Not to humble brag, but Sunski is a pretty good example of this. We invented recycled sunglasses: our Superlight Frames are made of recycled plastic polymer intercepted from landfills. We’ve eliminated single-use plastic and glue from our packaging. We want you to be able to keep your sunglasses out of the landfill for as long as possible. That’s where our replacement lenses come in. 

At the Polls

We can’t win the fight against climate change without action at a policy level. You can help by staying informed with your local politics. Vote for officials who are investing in climate friendly policies, like public transportation and bike lanes. Lobby your legislators and encourage them to support zoning changes that encourage densification and electrification!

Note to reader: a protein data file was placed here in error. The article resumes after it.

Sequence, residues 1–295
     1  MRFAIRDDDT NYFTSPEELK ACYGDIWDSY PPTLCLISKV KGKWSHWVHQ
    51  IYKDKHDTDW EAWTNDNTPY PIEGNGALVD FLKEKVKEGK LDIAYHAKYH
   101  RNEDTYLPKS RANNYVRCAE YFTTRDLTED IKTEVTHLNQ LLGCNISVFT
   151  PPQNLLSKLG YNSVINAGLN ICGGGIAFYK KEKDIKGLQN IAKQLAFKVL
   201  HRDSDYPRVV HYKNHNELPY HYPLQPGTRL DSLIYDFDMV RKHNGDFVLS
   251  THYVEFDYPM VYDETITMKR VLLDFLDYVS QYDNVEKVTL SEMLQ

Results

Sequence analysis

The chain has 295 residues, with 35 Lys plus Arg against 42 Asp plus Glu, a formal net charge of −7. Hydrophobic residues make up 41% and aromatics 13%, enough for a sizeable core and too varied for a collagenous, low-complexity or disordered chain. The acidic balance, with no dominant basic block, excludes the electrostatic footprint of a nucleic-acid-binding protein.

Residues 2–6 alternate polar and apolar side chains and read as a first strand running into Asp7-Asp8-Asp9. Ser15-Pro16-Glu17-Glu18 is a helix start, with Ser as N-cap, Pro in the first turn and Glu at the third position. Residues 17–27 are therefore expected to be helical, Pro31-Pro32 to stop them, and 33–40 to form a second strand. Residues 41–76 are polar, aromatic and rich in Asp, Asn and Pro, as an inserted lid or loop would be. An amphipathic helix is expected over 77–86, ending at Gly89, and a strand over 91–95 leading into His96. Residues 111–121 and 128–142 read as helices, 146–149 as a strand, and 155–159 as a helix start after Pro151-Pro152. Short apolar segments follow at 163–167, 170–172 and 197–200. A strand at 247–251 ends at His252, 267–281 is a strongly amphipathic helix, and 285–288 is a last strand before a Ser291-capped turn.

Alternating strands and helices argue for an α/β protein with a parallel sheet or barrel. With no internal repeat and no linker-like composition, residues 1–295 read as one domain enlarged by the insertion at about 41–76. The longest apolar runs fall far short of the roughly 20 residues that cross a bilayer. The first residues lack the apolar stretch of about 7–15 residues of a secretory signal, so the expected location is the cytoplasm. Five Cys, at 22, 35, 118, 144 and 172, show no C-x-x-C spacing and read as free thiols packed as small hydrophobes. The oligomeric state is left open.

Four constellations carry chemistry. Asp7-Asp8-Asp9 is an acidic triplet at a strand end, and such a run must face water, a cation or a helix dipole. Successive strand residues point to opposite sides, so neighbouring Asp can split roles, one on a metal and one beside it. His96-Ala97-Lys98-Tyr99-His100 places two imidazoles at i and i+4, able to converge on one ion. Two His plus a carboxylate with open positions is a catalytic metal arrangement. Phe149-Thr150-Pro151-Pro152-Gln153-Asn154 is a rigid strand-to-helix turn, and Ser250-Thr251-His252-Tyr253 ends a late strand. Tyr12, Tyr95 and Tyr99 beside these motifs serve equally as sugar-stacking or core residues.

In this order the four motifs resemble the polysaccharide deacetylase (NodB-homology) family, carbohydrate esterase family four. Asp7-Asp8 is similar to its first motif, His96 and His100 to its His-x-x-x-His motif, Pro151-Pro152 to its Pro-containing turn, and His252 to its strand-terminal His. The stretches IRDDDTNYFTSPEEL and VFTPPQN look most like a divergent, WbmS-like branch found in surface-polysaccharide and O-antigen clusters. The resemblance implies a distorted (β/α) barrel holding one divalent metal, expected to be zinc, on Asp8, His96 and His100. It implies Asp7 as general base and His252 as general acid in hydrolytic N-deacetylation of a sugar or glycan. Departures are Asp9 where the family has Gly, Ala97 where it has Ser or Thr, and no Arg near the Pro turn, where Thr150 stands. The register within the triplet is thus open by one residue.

how to take action for the climate

If you’re able, donate to an environmental organization whose mission speaks to you. Maybe some of the commitments we’ve made here at Sunski will serve as inspiration. We’re a lifelong member of 1% for the Planet, where we’ve donated over $150,000 to date to orgs like Save the Waves, the Conservation Alliance and Adventure Scientists. We’re also a member of Climate Neutral, where we’ve pledged to fully understand our carbon footprint and offset our entire organization with carbon credits. 

Climate Activism in Practice

take action for the climate now- sunski

Taking action  for climate change requires big changes from the most powerful institutions and people in our society, andsmall efforts from everyday people. Here’s what to do today.

  • Speak up to lawmakers 
  • Donate to environmental organizations  
  • Bike, walk, use public transit, or get an electric car
  • Reduce food and water waste
  • Eat less meat 
  • Reduce water use, heat use, and plastic use
  • Keep on loving good ol’ Mama Earth